, Volume 12, Issue 1, pp 42–56 | Cite as

Patterns of Stove Use in the Context of Fuel–Device Stacking: Rationale and Implications

  • Ilse Ruiz-Mercado
  • Omar Masera
Original Contribution


The implementation of clean fuel and stove programs that achieve sustained use and tangible health, environmental, and social benefits to the target populations remains a key challenge. Realization of these benefits has proven elusive because even when the promoted fuels-stoves are used in the long term they are often combined (i.e., “stacked”) with the traditional ones to fulfill all household needs originally met with open fires. This paper reviews the rationale for stacking in terms of the roles of end uses, cooking tasks, livelihood strategies, and the main patterns of use resulting from them. It uses evidence from case studies in different countries and from a 1-year-long field study conducted in 100 homes in three villages of Central Mexico; outlining key implications for household fuel savings, energy use, and health. We argue for the implementation of portfolios of clean fuels, devices and improved practices tailored to local needs to broaden the use niches that stove programs can cover and to reduce residual open fire use. This allows to integrate stacking into diagnosis tools, program monitoring, evaluation schemes, and implementation strategies and establish critical actions that researchers and project planners can consider when faced with actual or potential fuel-device stacking.


cooking energy ladder household energy adoption stove use monitors Patsari 



We thank the families of La Mojonera, Taretan, and Tanimereche in Michoacán, México, for their trust, patience, and hospitality in participating in this study, and Pablo Venegas, Alejandro Tavera, Gilberto Silva, Sergio Luis Guzman, Lucy Martinez, Carolina Romero, Alonso Mendoza, Myriam Miranda, Paulo Cesar Medina and Juan Pablo Gutierrez, for their hard work, dedication and commitment to the SUMs Project. We thank Victor Berrueta and Edgar Tafoya from Grupo Interdisciplinario de Tecnología Rural Apropiada (GIRA, A. C.) and Servando Perez from AURA A. C. for insightful discussions. We thank the field and laboratory teams at the Bioenergy Lab and the Ecotechnology Unit at CIEco-UNAM, and the teams at Instituto Nacional de Salud Publica. This work was supported by Universidad Nacional Autónoma de México (UNAM-PAPIIT #IT101512), El Consejo Nacional de Ciencia y Tecnología (CONACYT #119143) and the Global Alliance for Clean Cookstoves of the United Nations Foundation (UNF-12-385). Ilse Ruiz-Mercado acknowledges the support of the DGAPA-UNAM Postdoctoral Fellowship and of El Consejo Nacional de Ciencia y Tecnología (Cátedra CONACyT Proyecto #2269).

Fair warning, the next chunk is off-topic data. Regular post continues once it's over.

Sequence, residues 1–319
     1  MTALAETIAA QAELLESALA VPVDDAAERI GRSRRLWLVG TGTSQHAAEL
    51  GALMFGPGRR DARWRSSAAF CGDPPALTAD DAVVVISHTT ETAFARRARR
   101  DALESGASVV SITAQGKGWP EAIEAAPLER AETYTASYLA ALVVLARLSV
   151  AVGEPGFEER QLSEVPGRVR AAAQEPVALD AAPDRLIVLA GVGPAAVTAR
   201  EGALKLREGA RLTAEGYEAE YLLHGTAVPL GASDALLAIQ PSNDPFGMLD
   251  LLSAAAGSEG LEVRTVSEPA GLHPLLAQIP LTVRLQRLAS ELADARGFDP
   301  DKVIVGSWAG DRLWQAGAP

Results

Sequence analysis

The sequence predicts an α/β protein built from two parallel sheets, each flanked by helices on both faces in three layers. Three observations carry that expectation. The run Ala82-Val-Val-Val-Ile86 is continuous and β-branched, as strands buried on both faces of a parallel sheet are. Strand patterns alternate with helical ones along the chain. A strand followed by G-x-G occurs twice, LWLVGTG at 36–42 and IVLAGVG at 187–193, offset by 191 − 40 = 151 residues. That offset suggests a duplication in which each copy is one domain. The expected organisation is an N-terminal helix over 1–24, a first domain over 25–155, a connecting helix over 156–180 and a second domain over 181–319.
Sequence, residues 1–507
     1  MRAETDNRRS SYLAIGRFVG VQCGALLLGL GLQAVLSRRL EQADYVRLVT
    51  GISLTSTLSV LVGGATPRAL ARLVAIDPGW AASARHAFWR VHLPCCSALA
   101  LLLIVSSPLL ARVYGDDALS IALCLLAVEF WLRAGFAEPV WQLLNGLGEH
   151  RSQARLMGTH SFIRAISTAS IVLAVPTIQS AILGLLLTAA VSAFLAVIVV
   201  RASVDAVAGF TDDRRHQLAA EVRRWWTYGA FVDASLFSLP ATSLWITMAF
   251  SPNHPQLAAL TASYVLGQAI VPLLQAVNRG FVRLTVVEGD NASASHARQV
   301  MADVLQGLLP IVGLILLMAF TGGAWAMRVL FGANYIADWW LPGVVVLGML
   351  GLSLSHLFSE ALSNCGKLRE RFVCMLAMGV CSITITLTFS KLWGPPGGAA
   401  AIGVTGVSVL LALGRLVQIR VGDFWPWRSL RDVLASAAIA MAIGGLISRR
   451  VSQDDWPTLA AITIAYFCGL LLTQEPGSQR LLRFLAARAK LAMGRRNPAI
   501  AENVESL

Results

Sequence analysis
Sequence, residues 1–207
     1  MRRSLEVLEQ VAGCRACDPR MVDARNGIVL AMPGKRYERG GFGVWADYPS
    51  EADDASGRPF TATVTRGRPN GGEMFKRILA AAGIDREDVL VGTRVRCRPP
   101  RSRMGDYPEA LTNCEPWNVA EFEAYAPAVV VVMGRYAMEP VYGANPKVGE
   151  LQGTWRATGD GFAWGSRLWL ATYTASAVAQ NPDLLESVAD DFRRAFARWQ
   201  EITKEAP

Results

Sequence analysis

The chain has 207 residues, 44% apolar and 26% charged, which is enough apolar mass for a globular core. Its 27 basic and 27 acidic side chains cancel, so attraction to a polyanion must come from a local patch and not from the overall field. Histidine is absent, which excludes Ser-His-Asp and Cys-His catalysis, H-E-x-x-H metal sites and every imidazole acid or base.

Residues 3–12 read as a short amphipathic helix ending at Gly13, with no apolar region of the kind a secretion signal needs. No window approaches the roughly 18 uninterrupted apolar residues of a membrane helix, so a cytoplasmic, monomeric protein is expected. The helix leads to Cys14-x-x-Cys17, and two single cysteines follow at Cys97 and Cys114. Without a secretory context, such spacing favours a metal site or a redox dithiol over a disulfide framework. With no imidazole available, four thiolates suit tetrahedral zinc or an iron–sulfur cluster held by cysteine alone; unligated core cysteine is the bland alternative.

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Copyright information

© International Association for Ecology and Health 2015

Authors and Affiliations

  1. 1.Centro de Investigaciones en EcosistemasUniversidad Nacional Autónoma de MéxicoMoreliaMexico

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